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A College Playoff Plan That Makes Sense

Imagine a national semifinal game being played at Jordan-Hare Stadium in late December. Not a bad thought.
Imagine a national semifinal game being played at Jordan-Hare Stadium in late December. Not a bad thought.

The sky must be falling. The end must be near. Count me among those who like Big Ten commissioner Jim Delany's proposal for a playoff. The plan he floated a few weeks back is gaining traction among NCAA presidents. It's not perfect and not without controversy, but it makes the most sense.

Here's how it works: The top four teams in the final BCS poll would be pulled away from the bowl games. They would face each other in 1 vs. 4 and 2 vs. 3 semifinal games on the campuses of the higher ranked teams.

The winners would advance to play in a championship game that would rotate around to various big-city venues, not just cities that have BCS bowl games. The bowl system would be preserved and continue to play out concurrently with the new playoff format.

What I like best is having the semifinals played on college campuses. Imagine a semifinal game at the Big House in late December with snow on the ground or a seasonally warm December day at Jordan-Hare Stadium.

The championship game should then be moved to Saturday night and given the coverage it deserves. During this year's Super Bowl, more than 111 million viewers tuned in to the game. The BCS Championship drew only 24 million viewers on a Monday night. The Final Four Championship Game drew 20 million viewers - also on a Monday night.

College football can do better. We may be getting closer.

The talk and speculation leading up to the hiring of new Auburn assistant coach Willie Martinez had the feel of a defensive coordinator search. Never have so many stories been written about the hiring of a position coach. Then again, after last season you can understand the heightened interest by Auburn fans.

What do we know about Martinez? If you talk to our Georgia friends, they'll tell you he played a major role in the decline of the Bulldog program beginning in 2005 when he took over as defensive coordinator. If you look at his numbers, they tell you something completely different.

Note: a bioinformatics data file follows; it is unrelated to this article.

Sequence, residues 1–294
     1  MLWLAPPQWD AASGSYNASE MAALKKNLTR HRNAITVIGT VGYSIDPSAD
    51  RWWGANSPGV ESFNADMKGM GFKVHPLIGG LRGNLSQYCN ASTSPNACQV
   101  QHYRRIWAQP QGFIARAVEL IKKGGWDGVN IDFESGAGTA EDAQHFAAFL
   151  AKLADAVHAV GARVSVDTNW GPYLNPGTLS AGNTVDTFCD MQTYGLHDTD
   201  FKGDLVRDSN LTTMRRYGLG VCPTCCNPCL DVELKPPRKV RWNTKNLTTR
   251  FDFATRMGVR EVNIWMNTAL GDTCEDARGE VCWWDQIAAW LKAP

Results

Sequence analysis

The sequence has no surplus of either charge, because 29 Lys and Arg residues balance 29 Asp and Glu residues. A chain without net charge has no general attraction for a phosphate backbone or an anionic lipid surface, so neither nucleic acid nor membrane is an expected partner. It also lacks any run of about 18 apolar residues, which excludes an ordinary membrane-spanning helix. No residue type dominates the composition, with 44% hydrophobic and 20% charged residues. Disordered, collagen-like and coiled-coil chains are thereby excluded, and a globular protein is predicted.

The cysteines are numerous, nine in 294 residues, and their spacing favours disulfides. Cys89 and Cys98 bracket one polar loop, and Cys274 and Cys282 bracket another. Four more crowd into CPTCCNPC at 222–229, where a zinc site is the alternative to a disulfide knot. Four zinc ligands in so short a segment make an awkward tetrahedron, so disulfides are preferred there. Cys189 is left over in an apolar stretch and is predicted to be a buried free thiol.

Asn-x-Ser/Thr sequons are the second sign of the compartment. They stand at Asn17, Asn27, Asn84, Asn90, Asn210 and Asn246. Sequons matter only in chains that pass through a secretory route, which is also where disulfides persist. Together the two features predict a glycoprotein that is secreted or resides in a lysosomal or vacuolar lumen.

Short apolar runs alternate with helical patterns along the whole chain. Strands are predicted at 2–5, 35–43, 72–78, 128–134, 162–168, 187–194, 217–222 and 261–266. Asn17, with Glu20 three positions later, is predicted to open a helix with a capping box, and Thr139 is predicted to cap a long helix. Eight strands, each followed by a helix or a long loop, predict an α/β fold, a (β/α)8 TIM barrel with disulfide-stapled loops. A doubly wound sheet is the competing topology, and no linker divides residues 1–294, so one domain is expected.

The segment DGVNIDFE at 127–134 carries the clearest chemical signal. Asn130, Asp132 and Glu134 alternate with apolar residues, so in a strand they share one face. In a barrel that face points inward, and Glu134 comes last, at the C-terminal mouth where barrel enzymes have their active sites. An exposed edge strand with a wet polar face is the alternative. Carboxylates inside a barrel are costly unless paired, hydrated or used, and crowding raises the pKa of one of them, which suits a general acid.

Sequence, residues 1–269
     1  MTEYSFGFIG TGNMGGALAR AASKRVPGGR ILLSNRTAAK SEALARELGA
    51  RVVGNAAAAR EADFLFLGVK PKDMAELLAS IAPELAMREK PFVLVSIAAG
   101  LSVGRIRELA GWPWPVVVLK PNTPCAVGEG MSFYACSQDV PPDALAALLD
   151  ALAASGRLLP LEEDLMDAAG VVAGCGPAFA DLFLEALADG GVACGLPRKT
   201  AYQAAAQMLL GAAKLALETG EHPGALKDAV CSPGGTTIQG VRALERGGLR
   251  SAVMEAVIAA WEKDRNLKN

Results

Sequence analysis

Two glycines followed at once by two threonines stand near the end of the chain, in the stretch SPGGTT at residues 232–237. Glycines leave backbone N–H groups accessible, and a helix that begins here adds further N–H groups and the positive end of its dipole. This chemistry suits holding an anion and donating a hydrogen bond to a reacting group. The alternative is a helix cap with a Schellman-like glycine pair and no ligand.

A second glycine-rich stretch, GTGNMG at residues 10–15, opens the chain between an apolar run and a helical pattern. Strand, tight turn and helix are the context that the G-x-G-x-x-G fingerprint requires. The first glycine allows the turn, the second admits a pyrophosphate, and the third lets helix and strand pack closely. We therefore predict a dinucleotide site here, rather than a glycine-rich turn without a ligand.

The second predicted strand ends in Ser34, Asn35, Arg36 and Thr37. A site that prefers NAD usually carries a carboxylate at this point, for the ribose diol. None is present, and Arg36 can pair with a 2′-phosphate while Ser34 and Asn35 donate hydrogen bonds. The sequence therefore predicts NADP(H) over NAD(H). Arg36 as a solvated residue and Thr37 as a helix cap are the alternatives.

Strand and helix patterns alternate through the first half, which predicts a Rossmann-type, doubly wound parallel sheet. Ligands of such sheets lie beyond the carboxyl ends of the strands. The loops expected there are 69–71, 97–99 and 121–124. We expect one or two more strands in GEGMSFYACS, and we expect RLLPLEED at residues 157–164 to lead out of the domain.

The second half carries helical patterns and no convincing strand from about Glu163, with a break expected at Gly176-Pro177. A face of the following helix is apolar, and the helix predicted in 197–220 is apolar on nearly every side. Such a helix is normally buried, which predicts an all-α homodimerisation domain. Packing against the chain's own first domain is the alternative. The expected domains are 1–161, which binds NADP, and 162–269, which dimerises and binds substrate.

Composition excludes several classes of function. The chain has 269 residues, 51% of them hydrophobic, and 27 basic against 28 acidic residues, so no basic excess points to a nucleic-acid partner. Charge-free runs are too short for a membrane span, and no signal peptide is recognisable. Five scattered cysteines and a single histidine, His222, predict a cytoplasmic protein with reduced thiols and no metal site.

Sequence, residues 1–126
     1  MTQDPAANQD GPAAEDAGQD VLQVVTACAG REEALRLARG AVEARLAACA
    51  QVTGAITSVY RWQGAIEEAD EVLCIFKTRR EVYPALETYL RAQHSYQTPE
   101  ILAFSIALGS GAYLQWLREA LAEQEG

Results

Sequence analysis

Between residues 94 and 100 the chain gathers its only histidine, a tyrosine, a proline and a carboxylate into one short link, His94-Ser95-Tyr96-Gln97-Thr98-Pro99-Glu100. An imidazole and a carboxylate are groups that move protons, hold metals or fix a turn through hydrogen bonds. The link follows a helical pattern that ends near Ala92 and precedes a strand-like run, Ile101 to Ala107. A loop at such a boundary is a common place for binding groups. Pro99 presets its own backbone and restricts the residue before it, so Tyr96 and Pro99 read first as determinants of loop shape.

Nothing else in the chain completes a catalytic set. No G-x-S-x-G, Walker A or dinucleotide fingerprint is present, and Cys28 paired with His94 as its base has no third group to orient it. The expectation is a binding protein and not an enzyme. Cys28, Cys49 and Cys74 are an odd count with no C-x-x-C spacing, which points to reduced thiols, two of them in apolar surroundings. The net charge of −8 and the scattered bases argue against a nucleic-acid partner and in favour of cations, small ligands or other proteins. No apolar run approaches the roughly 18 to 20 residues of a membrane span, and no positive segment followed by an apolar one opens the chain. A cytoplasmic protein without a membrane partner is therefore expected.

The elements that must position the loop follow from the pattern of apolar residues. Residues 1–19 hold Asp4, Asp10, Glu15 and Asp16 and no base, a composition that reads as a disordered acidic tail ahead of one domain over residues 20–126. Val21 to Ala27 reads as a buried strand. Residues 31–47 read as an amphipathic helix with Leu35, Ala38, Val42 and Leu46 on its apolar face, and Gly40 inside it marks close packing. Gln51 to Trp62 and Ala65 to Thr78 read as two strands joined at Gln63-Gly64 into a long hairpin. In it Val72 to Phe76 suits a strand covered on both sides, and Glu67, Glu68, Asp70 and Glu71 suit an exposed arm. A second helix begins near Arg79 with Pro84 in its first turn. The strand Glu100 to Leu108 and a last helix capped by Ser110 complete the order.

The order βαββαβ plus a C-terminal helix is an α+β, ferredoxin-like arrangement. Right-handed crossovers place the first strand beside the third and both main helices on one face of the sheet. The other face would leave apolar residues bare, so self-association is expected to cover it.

In his first season as coordinator in 2005, Georgia ranked eighth nationally in scoring defense. The next season, Martinez's unit ranked eighth nationally in total defense. In 2007, his defense ranked 14th nationally.

It's safe to say he's qualified to coach the Auburn defensive backs.

One thing is apparent: He and Auburn defensive coordinator Brian VanGorder are attached at the hip. They will be working together for the fifth time dating back to their high school coaching days in Boca Raton, Florida.

Tony Barbee got his biggest win since coming to Auburn when his Tigers beat No. 23 Miss State 65-55 on Saturday night. It snapped a three-game losing streak and was Auburn's first win over a ranked opponent in three years. The win moves the men to 14-12 overall, 4-8 in the SEC.

Imagine the pressure Gene Chizik would have been under had his second team endured similar results. While there's guarded optimism that Barbee is beginning to turn things around, if the sport was football, there would be panic in the streets.

While Barbee will never have close to the support the football team enjoys, he can also sleep easy knowing Auburn will give him time to right the ship. Football coaches in the SEC have no such luxury.